Ultimately, the solution is neither “retreat” nor involvement in the wagers related to the civil war. In my belief, the solution begins with showing humility and understanding our rhetorical position as observers and the limits of our role, and to realize that our views do not influence the course of events, i.e. that we eventually “write” precisely because we “cannot do.”

Conclusion: Victory narratives

Each ideological narrative is inevitably based on misrepresenting real life, and reducing events into simple, dualist platitudes, for example as a battle between good and evil. A person’s ideological biases may reach such an extent as to make him or her project emotional and romanticized views onto the elements and protagonists in the narrative, and ends up seeing reality as he or she wants to see it.

Some, for example, have decided that Syrian opposition fighters who belong to impoverished segments, rural areas, and peripheries – just like the soldiers of the Syrian army by the way – are “marginal” in Syria today. However, armed groups are not at all marginal. Major world powers and their intelligence services have focused their attention on these groups, spending billions to create and recreate them. No, it is the seven million Syrians who have been dispossessed by the war and whose lives have been ruined by it who are really “marginal.”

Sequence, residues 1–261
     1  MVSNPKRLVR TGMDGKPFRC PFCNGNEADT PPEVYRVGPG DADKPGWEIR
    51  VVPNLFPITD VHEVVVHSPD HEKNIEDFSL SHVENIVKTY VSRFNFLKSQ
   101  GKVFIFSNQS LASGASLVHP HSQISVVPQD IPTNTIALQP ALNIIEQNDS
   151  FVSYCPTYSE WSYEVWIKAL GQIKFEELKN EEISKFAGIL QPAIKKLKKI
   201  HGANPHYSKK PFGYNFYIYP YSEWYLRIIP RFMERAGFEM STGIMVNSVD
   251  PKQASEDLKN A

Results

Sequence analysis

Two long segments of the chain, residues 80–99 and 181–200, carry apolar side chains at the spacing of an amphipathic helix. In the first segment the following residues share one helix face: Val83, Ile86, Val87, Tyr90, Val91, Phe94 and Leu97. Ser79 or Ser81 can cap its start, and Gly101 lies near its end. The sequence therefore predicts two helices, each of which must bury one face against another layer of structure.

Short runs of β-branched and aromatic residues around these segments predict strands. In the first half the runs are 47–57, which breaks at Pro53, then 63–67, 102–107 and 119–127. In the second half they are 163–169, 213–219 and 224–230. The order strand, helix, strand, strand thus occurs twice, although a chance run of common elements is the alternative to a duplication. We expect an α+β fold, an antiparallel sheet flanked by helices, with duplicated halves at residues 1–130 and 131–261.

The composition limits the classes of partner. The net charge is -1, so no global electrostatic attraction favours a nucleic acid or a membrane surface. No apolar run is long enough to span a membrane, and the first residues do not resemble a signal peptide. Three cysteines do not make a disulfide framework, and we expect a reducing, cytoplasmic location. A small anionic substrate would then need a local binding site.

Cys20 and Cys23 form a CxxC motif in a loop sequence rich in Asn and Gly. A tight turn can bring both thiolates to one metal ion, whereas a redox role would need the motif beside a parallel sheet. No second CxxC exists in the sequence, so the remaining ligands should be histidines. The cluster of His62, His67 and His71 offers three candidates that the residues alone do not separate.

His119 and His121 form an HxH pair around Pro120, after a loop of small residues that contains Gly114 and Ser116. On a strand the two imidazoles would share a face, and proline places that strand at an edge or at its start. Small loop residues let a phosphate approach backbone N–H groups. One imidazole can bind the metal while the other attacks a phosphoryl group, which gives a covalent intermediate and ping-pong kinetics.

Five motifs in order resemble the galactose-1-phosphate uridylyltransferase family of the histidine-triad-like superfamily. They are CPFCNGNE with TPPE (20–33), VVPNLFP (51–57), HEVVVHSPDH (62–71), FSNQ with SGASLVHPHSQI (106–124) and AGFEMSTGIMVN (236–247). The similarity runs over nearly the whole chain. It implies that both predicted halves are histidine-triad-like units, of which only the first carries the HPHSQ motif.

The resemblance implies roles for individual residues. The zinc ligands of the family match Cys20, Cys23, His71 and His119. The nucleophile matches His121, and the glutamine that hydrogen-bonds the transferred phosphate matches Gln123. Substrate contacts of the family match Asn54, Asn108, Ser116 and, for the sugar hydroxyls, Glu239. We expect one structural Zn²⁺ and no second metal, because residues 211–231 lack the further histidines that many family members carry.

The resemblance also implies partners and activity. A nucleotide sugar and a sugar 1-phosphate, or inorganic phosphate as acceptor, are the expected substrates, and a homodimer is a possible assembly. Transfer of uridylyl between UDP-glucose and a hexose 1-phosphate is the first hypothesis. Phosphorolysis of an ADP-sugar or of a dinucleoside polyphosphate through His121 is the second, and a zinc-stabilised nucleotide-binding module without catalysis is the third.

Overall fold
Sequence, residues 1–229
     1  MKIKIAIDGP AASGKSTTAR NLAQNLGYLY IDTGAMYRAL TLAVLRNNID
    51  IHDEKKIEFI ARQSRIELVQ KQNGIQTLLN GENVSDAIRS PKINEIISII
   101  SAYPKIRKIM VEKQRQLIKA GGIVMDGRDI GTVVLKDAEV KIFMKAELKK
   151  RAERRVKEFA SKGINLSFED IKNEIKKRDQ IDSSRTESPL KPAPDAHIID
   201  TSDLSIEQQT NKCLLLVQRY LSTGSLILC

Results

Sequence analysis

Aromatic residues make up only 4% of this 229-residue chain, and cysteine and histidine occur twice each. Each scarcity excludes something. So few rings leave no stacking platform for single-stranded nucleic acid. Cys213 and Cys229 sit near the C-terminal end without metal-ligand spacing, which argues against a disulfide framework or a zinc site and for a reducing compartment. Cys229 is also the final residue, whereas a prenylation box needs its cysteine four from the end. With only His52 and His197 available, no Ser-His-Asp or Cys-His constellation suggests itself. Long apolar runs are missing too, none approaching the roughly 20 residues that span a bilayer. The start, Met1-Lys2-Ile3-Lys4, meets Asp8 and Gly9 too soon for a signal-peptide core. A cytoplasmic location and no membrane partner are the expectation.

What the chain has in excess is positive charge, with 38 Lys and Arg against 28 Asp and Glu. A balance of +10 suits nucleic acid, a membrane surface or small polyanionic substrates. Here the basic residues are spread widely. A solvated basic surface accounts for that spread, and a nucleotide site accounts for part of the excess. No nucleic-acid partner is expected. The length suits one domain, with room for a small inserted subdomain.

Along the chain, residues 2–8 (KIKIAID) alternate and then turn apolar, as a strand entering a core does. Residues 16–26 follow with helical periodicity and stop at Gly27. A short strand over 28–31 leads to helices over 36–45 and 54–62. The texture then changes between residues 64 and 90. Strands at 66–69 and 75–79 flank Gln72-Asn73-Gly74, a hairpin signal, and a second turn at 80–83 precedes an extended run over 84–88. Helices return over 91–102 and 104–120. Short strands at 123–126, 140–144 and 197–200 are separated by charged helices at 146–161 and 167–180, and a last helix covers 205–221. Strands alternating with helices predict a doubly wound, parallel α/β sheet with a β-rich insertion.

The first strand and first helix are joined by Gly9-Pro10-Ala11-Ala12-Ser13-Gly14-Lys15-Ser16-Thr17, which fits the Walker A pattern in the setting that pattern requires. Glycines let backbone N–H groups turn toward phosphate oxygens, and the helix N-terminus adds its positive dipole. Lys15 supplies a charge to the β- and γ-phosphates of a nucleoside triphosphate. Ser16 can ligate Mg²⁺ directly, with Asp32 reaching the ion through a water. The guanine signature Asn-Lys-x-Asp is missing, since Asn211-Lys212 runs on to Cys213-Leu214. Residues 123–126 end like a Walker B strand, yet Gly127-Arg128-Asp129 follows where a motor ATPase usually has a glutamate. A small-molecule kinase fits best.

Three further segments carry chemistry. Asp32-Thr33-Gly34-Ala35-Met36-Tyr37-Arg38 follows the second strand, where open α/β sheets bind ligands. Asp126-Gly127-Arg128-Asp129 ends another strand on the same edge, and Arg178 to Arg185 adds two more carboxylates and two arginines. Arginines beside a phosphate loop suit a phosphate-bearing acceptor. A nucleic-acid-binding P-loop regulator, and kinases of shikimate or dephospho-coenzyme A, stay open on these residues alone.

No one has asked these people about their opinions, neither before nor after the “revolution.” They have had no voice and no representation, though everyone speaks on their behalf, while they alone pay the price.

Incidentally here, the biggest part of the plight of the Syrian refugees can be resolved if only the Gulf countries allow the refugees escaping the war to come in and work, and live in dignity until the conflict ends. But most of the Gulf governments instructed their embassies to freeze all visas to Syrians since the start of the crisis, displaying “brotherhood” in the purest form.

This is the time for comforting narratives. If the regime prevails in Syria, it too will have its narrative for victory (e.g. a “national war,” “repelling foreign aggression,” etc.) If this narrative ends up being effective and well constructed, then it may help mend the country and reunite it after the war. But it, like all rival narratives, will be based on avoiding and concealing one simple yet terrifying fact: the Syrians, for years, have massacred each other and destroyed their country with their own hands.

Amer Mohsen is a doctoral candidate in Political Science, University of California - Berkeley.

This article is an edited translation from the Arabic Edition.